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Town's dilemma: Mountains of tsunami debris, no place to put it

 

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Before officials in Minamisanriku, Japan, can begin rebuilding from the March 11 tsunami, they must first dispose of what remains of their coastal town: an estimated 650,000 to 700,000 tons of wreckage that they have nowhere to put.

It’s a monumental challenge, and one being faced by communities along hundreds of miles of Japan’s battered northeastern coast.

The debris covers an estimated 10 square kilometers (a little less than 4 square miles, or three times the size of New York’s Central Park) of the fishing town, one of Japan’s hardest hit communities. It comes in all shapes and sizes: cars, refrigerators, wood, steel, air conditioners, concrete rubble, clothes, broken glass and countless other forms.

Sit in an excavator while it works and see the teams who are removing debris by hand in the tsunami-ravaged town of Minamsanriku, Japan. Takahashi Abe of Abei Construction explains the process and challenges. (Jim Seida/msnbc.com)

Town officials, who estimate it will cost about $27.4 million to remove it, have plans to burn as much of the debris as possible and recycle what they can.

But since Japan has little landfill space left, the rest may eventually be shipped overseas. The New York Times reported on June 3 that the government of Miyagi prefecture, which includes Minamisanriku, also plans to use land adjacent to Matsushima, a group of islands considered one of “the three most beautiful places” in Japan, as a dump.


 

Officials are planning to build five incinerators in Miyagi prefecture, in which Minamisanriku is located. But the one that the town will use in Motoyoshi, in nearby Kesennuma city, won't be operational until the summer or fall of 2012. That puts the companies in charge of the cleanup in a quandary.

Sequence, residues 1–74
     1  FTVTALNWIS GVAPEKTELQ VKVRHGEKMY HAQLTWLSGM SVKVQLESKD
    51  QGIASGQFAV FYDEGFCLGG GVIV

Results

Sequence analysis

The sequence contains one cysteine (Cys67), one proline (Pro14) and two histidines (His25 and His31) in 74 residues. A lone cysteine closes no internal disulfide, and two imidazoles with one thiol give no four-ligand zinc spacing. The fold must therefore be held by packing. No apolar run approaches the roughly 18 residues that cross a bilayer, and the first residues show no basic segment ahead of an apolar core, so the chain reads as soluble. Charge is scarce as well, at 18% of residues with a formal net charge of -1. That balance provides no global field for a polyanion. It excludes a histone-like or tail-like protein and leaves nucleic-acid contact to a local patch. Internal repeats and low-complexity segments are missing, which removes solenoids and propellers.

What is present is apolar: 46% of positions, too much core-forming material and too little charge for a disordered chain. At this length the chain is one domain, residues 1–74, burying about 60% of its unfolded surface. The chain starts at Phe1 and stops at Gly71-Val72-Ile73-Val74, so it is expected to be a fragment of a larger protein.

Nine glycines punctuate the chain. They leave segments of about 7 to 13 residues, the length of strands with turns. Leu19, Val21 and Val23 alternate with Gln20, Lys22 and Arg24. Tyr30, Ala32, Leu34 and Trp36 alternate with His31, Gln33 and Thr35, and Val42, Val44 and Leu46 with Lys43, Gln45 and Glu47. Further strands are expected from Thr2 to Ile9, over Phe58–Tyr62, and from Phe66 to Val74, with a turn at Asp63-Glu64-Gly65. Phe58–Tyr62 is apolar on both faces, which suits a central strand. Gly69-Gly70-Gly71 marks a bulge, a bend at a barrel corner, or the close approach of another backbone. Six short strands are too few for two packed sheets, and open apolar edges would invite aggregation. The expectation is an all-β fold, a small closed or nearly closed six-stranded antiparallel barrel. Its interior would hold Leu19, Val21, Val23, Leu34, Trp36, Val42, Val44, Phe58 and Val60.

"The debris storage space will be used up soon. Unless we secure other space to dump the debris, we may have to stop the cleanup," said Takashi Abe of Abei Construction, one of the 20 companies hired to collect the rubble from Minamisanriku. "That's the biggest issue we're facing right now."

The cleanup began in late March, but initially the pace was slow, as the crews also were searching for bodies in the town, where 900 people died or vanished.

Kyle Drubek / for msnbc.com

This map of Minimasanriku shows the tsunami-affected areas in red, was colored by hand and is posted on a large information board in the city's disaster response office.

"While we were cleaning up the debris, we were also looking for those (missing) people, so we had to do it delicately," said Akira Saijo, head of the town office's construction division, which is overseeing the debris removal. "The pace of cleaning it up was slow until the end of May."

Abe, whose company is cleaning one of three sectors of the town, said all of the cleanup crews alone are employing about 100 excavators and up to 70 trucks, said Abe. Enough debris to fill 500 large trucks is cleared daily, he said, but in some areas removal has just begun.